As you may know, saying 'yes' to life is one of my favorite topics; easier said than done, of course. In Colbert's analysis, it's the territory of the young -- but it isn't exclusive territory, certainly. In fact, it's the WD40 of life, seems to me, allowing us to slip along smoothly and not get stuck in self-defeating ruts and grooves. You can allow yourself to be old at 20 if you let go of curiosity, desire and courage; or young at 72 as is, for instance, Baltimore's Shirley Smith
who received her degree at Towson University this month. Age, you see, is nothing much; willingness is everything!
That is the kind of energy all of us are capable of bringing to this extraordinary time in history; Eric has spoken to the powerful interdimensional qualities of this moment, and we have seen a remarkable explosion of change and challenge in the first years of this new century. We are only beginning to discover all of the wonder this new age will bring us.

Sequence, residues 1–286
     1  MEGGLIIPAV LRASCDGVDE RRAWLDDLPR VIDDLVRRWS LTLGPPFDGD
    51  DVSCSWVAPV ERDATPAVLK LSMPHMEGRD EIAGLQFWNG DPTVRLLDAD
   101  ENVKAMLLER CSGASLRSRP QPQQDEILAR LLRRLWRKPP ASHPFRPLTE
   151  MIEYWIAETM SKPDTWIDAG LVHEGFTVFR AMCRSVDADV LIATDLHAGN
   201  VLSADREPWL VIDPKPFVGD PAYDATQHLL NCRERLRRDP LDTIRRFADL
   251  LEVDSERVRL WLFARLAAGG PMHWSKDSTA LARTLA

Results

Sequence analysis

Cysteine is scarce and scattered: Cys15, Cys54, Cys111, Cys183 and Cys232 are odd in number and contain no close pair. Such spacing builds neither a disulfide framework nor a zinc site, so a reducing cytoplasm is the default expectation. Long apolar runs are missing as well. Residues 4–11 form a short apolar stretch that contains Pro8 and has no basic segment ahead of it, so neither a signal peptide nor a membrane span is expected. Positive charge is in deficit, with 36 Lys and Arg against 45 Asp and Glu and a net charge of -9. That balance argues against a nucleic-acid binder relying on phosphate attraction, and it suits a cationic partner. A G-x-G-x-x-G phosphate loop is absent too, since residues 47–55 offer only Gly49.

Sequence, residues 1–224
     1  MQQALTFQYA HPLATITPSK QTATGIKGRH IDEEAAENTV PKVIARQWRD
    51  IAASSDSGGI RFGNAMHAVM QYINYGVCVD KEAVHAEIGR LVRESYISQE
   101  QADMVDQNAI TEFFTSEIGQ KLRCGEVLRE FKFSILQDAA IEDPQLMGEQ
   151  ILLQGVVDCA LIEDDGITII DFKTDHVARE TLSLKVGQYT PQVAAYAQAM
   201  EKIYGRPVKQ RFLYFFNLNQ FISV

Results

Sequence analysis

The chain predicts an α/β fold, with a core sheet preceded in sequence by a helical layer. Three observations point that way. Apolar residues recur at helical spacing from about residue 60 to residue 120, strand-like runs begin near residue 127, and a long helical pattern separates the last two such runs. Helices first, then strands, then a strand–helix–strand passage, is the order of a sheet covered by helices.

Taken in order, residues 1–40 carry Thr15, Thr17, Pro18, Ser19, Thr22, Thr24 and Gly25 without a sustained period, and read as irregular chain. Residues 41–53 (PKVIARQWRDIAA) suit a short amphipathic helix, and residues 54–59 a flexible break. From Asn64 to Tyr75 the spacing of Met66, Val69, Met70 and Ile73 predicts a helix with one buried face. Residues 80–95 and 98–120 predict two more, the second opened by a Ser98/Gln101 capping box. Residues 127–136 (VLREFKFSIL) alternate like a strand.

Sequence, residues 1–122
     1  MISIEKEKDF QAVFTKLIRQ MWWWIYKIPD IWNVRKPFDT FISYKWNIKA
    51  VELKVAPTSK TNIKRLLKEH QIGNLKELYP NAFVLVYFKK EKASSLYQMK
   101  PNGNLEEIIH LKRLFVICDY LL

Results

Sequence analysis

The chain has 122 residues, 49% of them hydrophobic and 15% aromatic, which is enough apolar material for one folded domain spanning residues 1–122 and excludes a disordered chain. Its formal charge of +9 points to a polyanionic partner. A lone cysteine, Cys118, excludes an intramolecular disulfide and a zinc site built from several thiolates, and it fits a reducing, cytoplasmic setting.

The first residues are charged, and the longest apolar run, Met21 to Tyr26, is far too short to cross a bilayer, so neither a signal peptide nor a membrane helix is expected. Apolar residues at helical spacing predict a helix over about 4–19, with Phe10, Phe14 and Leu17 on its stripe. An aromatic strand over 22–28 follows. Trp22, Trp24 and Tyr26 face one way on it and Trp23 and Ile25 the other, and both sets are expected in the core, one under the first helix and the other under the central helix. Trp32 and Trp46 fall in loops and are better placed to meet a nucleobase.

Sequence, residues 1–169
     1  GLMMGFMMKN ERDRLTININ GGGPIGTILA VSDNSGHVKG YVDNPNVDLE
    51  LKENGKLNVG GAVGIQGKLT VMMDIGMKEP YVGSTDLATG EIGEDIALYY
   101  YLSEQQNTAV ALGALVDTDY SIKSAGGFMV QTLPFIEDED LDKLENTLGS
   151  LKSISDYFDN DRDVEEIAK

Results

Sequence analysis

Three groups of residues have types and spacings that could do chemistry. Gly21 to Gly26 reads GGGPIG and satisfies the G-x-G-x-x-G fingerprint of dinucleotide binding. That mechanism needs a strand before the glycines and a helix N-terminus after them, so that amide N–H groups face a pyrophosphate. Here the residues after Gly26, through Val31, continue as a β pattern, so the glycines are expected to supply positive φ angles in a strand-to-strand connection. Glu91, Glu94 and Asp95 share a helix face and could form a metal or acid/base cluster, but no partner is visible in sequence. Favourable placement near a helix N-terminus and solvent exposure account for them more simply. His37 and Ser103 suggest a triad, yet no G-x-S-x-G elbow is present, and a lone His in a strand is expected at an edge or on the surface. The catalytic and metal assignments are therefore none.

The root word for graduate has to do with progression; we've collected centuries of experience to come to this turning point. We are literally graduates of the passing era, and on the threshold of the next. Eight or 98, we've bridged the past to this amazing new present, edgy and chaotic and potent with possibility. Well done, brothers and sisters; take a moment to appreciate all you've brought forth. And here's your graduation address; me to you:
-- seize the day! You've never been as powerful, you've never been so bright and beautiful! Grab this day in your teeth and shake it for every laugh it holds, every loving interaction, every opportunity to connect. Wag your tail behind you, eager to taste the moment, and wring every bit of good out of it so that you can share it and impact the entire morphic field of existence.